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November 19, 2008 Vol. 4, No. 24

Amidst all the fury and fear-mongering about our woeful state of financial affairs, and I mean pretty much the entire industrialized world, one trucking subject remains at the top of many interest lists: the North American engines of 2010.

With International vowing to stick with EGR but urging the EPA to delay the implementation of the ‘010 emissions rules, all other engine makers are working hard to allay fears about the switch to SCR, or selective catalytic reduction. As with the motors of 2002/04 and then 2007, the price of a diesel will rise by upwards of $10,000 in 11 months’ time. But that’s not what has people worried, a serious hike though it is. Nobody’s worried enough to create another pre-buy situation because hardly anyone can afford to buy new trucks anyway. The potential disruption of a pre-buy has become a non-issue.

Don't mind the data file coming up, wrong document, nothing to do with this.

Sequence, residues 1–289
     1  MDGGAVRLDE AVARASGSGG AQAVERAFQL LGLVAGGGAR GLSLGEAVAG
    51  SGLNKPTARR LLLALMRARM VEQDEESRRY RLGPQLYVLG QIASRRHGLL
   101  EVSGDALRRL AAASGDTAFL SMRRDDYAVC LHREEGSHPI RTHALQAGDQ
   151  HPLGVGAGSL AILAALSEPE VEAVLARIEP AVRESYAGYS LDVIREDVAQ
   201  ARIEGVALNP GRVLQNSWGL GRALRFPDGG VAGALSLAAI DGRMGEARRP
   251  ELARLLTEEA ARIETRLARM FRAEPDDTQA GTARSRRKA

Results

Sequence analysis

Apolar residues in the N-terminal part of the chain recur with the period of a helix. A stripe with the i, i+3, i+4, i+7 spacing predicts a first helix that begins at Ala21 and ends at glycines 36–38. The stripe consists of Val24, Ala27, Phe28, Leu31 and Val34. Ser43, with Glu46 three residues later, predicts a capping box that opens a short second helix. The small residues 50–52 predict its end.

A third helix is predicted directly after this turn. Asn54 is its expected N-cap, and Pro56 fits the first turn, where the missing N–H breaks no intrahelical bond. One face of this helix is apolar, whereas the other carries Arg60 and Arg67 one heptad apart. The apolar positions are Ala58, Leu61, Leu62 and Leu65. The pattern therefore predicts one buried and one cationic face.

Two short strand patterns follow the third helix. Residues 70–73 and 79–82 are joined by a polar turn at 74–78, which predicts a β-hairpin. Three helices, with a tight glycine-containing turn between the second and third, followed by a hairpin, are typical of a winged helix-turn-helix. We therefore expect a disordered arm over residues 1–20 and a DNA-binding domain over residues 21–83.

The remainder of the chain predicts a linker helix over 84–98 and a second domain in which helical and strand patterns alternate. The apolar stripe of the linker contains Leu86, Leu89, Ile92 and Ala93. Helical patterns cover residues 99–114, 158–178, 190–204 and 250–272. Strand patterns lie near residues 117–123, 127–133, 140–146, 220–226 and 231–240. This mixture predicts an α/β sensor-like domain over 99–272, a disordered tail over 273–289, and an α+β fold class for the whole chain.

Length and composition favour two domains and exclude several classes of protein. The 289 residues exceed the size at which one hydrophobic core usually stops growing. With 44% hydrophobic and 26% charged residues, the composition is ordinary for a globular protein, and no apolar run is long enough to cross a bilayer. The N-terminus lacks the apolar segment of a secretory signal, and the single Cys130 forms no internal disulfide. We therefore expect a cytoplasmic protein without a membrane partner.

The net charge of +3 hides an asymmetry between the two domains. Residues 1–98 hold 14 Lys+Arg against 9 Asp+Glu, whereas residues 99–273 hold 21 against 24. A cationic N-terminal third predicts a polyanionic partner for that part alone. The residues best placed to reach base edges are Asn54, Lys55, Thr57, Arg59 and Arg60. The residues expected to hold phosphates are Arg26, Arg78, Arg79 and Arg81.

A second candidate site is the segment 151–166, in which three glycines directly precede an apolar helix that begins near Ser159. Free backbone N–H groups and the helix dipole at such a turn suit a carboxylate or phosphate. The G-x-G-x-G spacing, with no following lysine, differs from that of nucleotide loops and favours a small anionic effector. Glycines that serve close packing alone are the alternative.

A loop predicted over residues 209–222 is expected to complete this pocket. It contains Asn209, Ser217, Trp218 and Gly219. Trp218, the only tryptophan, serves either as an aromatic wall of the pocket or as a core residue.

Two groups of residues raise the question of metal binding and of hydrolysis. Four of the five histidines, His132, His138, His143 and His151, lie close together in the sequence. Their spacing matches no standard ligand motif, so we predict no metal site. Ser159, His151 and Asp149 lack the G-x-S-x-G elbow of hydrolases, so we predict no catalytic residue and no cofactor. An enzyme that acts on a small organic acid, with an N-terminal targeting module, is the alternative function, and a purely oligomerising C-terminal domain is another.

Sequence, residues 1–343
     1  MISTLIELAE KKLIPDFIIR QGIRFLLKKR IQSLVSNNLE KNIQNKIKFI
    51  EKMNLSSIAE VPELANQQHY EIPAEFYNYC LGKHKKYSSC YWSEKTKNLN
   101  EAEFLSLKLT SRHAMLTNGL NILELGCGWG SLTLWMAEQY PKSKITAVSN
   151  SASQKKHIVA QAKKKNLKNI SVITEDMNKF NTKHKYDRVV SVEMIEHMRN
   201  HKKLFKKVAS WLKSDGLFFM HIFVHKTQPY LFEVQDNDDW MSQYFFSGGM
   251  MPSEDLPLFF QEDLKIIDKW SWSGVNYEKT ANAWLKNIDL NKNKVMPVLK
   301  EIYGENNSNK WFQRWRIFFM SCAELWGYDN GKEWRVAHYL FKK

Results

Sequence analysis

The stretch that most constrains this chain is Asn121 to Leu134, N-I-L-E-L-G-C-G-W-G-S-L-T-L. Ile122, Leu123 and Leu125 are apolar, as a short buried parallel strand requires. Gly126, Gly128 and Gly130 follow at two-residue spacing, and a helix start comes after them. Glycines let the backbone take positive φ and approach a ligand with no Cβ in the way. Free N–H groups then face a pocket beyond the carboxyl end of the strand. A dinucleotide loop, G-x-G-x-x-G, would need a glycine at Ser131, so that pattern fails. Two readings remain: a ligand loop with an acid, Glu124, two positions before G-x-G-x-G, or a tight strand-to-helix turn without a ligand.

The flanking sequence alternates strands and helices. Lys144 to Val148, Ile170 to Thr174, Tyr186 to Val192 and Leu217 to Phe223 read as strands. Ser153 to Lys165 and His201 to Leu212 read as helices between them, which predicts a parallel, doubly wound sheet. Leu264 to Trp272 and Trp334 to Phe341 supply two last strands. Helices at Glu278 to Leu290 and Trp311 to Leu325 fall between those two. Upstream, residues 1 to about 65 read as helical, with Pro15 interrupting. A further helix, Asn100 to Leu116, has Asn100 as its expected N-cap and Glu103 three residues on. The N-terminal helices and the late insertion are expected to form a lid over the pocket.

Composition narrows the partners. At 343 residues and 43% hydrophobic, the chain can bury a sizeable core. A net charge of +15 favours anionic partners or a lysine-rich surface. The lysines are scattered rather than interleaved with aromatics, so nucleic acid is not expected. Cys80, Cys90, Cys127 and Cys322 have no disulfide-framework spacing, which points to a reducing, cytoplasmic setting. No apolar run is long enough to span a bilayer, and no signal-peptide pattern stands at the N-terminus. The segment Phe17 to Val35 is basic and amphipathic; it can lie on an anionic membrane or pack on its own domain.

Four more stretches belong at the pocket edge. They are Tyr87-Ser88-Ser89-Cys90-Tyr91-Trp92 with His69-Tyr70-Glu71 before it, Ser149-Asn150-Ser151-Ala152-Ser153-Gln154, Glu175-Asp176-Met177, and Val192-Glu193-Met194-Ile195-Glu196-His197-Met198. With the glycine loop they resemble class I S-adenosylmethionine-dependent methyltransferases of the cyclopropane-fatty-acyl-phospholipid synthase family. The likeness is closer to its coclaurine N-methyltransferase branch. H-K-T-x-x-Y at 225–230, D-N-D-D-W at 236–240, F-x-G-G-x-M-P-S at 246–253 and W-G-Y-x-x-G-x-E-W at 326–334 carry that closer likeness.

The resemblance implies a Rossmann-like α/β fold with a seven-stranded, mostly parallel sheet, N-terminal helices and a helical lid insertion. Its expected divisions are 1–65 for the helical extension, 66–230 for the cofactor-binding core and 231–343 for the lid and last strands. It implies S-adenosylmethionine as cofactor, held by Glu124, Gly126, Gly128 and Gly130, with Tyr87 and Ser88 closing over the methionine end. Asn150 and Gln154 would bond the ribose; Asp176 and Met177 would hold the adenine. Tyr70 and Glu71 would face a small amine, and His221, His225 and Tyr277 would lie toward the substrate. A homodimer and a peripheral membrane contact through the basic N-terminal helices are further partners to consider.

The worry is focused on DEF, or diesel exhaust fluid, what we just called urea until recently. Every 2010 engine’s aftertreatment system will need to drink it, and every ‘010 truck will have a tank hanging off the frame rails holding about 30 liters of the stuff. If that little tank runs empty, and it will get you about 5000 miles, there will be minor or major hell to pay.

For a while it seemed many of us were lulled into thinking that the infrastructure required to supply DEF across North America, while a big challenge, would be dealt with by… well, by those who deal with such things. After all, it was accomplished more or less seamlessly in Europe.

Well, not so fast.

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Rolf Lockwood is editor emeritus of Today's Trucking and a regular contributor to Trucknews.com.

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